Forest Investment Account (FIA) - Land Base Investment Program - Innovative
FIA Project 2571005

    Effectiveness monitoring plan for wildlife species and ecosystem resilience in tree farm license 30
Project lead: Canadian Forest Products Ltd.
Contributing Authors: Proulx, Gilbert; Bernier, Dan
Imprint: [BC] : Alpha Wildlife Research & Management Ltd.; Timberline Natural Resource Group Ltd., 2007
Subject: Forest Investment Account (FIA), Wildlife management areas, British Columbia
Series: Forest Investment Account (FIA) - Land Base Investment Program - Innovative
Two common questions asked of resource managers include, “are ecosystems resilient to existing and planned disturbance patterns” and “are you keeping the common species common”? These can be very difficult questions to answer, and even defining the terminology in those questions can be an onerous and sensitive process. Ecosystems are not static. Plant and animal composition, productivity and nutrient cycling, all change in response to stochastic events and successional change (Gunderson 2000). Sustainable ecosystems, however, maintain these traits within stable bounds. Plant succession following tree fall creates a heterogeneous mosaic of vegetation in forest ecosystems (Denslow et al. 1990) but maintains a characteristic vegetation pattern at the landscape scale. Similarly, in many ecosystems predictable successional changes in ecosystem parameters follow natural wildfires (Stark and Steele 1977, Van Cleve et al. 1991, D’Antonio and Vitousek 1992). However, the landscape as a whole does not change because fires in some patches are balanced by successional development in other patches (Watt 1947, Turner 1989). Biological diversity appears to play a substantial role in ecosystem resilience and in sustaining desirable ecosystem states in the face of change (Peterson et al. 1998). Elmqvist et al. (2003) suggested that the diversity of responses to environmental change among species contributing to the same ecosystem function, which they called response diversity, was critical to change. Dealing with the concept of ecosystem resilience requires stratifying a landbase into distinct but workable ecological units, identifying species or group of species that are associated with such units, and integrating ecological units and characteristic biodiversity into an effectiveness monitoring plan that will allow foresters to cope with uncertainty and surprise in landscapes that have been logged.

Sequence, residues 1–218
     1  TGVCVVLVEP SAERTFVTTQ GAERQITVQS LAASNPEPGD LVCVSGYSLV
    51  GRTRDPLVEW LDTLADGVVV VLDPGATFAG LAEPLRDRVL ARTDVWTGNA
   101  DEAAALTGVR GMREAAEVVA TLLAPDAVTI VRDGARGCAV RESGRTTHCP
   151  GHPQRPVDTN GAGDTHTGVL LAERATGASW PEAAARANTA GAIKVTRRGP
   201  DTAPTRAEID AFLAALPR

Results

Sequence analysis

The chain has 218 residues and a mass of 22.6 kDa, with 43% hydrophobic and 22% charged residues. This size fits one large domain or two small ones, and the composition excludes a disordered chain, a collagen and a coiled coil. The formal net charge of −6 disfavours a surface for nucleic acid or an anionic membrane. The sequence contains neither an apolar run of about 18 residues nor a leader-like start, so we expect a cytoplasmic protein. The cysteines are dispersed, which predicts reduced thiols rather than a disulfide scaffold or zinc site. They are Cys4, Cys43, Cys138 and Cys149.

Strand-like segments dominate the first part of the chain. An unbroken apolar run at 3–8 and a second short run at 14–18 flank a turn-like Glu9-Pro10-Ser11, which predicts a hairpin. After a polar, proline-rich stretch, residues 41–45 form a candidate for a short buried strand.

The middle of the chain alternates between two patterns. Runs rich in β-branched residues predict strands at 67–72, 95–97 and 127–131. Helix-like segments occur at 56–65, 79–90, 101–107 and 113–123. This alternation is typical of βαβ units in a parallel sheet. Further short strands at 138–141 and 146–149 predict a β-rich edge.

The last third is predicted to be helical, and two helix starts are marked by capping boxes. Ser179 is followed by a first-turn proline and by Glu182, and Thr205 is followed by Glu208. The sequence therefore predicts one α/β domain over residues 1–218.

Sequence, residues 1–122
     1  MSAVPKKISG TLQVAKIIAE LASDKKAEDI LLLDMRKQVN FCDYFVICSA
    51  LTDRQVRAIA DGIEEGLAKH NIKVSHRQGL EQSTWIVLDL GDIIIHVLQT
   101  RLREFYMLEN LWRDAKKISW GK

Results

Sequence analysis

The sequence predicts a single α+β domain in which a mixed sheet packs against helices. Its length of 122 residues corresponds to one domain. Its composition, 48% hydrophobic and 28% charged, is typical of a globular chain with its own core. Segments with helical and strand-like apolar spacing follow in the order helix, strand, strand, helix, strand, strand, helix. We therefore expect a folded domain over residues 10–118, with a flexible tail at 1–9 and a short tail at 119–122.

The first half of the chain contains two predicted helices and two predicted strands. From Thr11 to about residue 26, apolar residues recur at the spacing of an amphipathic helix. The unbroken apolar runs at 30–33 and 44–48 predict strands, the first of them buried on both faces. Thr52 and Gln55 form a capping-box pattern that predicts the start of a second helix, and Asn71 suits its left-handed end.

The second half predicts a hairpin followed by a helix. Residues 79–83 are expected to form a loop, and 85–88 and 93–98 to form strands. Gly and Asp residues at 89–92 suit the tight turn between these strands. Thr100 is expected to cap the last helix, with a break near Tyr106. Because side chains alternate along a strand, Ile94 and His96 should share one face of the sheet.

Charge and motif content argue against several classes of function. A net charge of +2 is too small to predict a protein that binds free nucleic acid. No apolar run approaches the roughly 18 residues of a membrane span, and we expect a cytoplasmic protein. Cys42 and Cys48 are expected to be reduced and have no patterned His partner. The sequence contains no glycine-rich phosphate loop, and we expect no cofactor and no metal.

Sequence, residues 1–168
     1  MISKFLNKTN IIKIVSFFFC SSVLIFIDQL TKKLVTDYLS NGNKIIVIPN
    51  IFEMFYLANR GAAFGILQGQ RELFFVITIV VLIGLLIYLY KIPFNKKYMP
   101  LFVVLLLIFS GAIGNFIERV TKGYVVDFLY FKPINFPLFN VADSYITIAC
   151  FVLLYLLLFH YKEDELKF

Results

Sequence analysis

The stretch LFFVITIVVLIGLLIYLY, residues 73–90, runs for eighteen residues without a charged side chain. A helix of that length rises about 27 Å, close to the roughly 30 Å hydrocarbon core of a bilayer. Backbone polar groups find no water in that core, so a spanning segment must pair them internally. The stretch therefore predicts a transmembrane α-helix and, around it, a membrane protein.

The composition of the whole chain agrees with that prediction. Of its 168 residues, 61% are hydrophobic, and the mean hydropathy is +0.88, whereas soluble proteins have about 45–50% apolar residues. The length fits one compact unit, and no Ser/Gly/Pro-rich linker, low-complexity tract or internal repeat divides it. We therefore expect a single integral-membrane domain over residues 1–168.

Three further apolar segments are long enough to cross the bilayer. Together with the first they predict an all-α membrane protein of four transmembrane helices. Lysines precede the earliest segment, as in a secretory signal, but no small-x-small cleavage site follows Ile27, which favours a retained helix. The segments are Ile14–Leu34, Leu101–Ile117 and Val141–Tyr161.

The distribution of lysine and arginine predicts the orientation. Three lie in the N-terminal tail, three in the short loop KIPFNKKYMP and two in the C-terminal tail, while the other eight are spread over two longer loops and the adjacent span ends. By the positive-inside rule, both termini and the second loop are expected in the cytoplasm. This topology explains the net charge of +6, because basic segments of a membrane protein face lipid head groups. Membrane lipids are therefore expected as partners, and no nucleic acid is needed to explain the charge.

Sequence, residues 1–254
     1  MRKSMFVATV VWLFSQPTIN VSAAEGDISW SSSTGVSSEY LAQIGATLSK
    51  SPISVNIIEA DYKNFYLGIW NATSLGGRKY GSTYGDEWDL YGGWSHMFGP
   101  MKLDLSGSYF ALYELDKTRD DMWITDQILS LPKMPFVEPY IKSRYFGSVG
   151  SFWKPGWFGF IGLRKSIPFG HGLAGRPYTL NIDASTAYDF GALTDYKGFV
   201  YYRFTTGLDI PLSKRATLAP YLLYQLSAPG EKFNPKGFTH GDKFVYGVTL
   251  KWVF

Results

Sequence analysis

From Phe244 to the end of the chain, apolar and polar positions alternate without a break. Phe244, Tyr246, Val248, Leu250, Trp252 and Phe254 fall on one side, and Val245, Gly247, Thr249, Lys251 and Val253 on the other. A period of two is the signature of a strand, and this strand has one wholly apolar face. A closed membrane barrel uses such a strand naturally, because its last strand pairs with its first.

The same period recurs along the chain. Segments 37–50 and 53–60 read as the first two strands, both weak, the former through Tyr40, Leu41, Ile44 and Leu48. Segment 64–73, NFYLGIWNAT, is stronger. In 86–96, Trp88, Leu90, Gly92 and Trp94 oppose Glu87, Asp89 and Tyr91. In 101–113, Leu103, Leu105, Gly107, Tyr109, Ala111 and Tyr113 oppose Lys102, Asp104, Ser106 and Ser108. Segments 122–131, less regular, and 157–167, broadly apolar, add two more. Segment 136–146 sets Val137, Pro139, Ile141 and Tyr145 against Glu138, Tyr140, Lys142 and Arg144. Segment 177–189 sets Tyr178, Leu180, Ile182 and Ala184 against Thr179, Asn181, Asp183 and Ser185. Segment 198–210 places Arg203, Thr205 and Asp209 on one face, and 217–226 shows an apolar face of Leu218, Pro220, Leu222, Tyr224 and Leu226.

prepared by Gilbert Proulx and Dan Bernier.


Final Report (0.6Mb)

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Updated August 16, 2010 

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